The Building Industry and Land Development Association (BILD) has presented a compelling four-point plan to address Toronto’s housing supply crisis, highlighting the urgent need for action ahead of the mayoral by-election on June 26. Experts, industry professionals, and government officials agree that Ontario’s and Toronto’s housing challenges stem from the scarcity of new housing and the lengthy process of building new homes. The provincial government’s ambitious goal to construct 1.5 million homes over the next decade to improve affordability is vital to achieving market balance. In particular, Toronto must build an astounding 285,000 new homes, marking a significant 160% annual increase in housing starts compared to the previous decade.
BILD’s recommendations provide a comprehensive roadmap to achieving these objectives. Firstly, expediting building approvals and reducing red tape can alleviate supply limitations and lower costs. Current approval times are alarming – in a recent benchmarking study, Toronto ranked last among major Canadian municipalities for the timeliness, taking 32 months on average, four and a half times longer than the Planning Act’s maximum allowed duration.
Secondly, efficient land use through zoning, allowing greater residential density within neighbourhoods and along major streets, is crucial. This intelligent approach to urban planning will ensure that supply and affordability requirements are met within Toronto’s fixed municipal borders.
Thirdly, BILD calls for accelerated infrastructure development and expansion of community and social services. A collaborative funding model involving all three levels of government must establish shared responsibility for essential hard and soft infrastructure costs.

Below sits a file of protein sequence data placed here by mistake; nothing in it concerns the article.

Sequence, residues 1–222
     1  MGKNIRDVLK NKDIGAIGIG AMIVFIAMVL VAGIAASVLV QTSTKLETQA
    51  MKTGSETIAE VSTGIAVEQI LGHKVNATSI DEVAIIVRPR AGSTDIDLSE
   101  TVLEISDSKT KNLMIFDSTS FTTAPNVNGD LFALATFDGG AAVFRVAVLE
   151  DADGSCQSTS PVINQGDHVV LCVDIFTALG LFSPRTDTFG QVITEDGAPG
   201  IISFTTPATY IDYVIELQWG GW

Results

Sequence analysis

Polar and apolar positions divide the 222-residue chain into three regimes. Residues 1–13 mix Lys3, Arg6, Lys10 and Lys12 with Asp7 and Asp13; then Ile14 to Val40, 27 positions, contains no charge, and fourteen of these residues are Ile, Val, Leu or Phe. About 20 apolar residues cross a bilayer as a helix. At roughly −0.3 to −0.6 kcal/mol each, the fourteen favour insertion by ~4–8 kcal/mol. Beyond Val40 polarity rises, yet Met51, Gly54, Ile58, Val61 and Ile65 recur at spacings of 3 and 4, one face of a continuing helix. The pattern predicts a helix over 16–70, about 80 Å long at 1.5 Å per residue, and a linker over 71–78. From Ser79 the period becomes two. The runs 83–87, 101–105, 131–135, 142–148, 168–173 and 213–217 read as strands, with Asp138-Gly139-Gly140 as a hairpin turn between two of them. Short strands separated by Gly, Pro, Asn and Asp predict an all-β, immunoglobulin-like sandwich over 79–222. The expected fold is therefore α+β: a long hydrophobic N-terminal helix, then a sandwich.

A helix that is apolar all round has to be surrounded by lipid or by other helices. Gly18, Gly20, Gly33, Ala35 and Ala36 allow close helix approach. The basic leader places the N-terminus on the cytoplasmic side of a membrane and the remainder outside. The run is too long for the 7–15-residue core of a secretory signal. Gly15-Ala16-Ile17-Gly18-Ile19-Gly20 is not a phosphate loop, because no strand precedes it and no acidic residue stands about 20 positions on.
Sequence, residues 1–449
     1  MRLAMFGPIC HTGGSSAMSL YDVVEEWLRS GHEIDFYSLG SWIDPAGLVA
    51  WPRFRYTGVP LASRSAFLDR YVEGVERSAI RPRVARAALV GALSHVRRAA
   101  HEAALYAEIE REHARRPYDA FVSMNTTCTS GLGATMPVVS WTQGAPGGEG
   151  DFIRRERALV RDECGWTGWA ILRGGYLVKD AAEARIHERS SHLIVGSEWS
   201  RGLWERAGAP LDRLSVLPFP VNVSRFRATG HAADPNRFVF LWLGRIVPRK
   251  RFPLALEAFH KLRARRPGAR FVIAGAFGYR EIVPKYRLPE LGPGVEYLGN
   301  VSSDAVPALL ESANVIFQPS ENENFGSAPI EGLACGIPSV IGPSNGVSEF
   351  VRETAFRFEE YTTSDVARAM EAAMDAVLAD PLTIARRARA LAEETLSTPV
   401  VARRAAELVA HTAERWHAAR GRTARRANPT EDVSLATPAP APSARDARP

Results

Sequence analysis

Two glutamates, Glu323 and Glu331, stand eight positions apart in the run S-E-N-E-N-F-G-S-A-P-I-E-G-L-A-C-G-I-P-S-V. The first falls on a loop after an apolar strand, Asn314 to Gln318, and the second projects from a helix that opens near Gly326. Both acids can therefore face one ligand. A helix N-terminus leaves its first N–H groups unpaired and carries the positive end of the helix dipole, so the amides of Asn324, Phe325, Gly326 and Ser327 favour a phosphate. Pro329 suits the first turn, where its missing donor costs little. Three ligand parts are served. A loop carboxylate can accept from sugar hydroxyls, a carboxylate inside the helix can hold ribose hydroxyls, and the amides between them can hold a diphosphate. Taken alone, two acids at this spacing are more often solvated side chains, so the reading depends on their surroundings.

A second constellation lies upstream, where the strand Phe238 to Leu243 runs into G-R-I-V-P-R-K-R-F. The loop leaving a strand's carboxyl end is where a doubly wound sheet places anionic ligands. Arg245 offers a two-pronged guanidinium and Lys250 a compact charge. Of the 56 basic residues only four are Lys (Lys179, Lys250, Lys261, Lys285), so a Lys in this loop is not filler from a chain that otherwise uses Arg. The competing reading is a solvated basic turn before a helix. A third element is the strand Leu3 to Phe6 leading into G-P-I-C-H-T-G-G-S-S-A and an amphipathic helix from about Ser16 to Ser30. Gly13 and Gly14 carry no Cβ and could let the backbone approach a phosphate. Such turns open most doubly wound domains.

Lastly, capping municipal costs added to new housing will prevent further affordability erosion. It is alarming that almost 25 percent of an average new home’s price in Ontario comprises fees, taxes, and charges imposed by various government levels – more than half of those levied by municipalities alone.
With clear indications of robust housing demand in Canada – exemplified by Statistics Canada’s recent announcement that our population grew by a million people in 2022 and the federal government’s commitment to welcome 500,000 new immigrants annually – mayoral candidates must prioritize housing now more than ever. BILD urges voters to acquaint themselves with Toronto’s housing supply and affordability challenges and support those candidates who place lodging at the top of their agenda.
By adopting BILD’s proactive, forward-looking four-point plan, Toronto can make meaningful strides in tackling the housing crisis caused by a history of inadequate planning and governance. The city must seize this opportunity to invest in its future and ensure the accessibility of affordable, quality housing for current and prospective residents.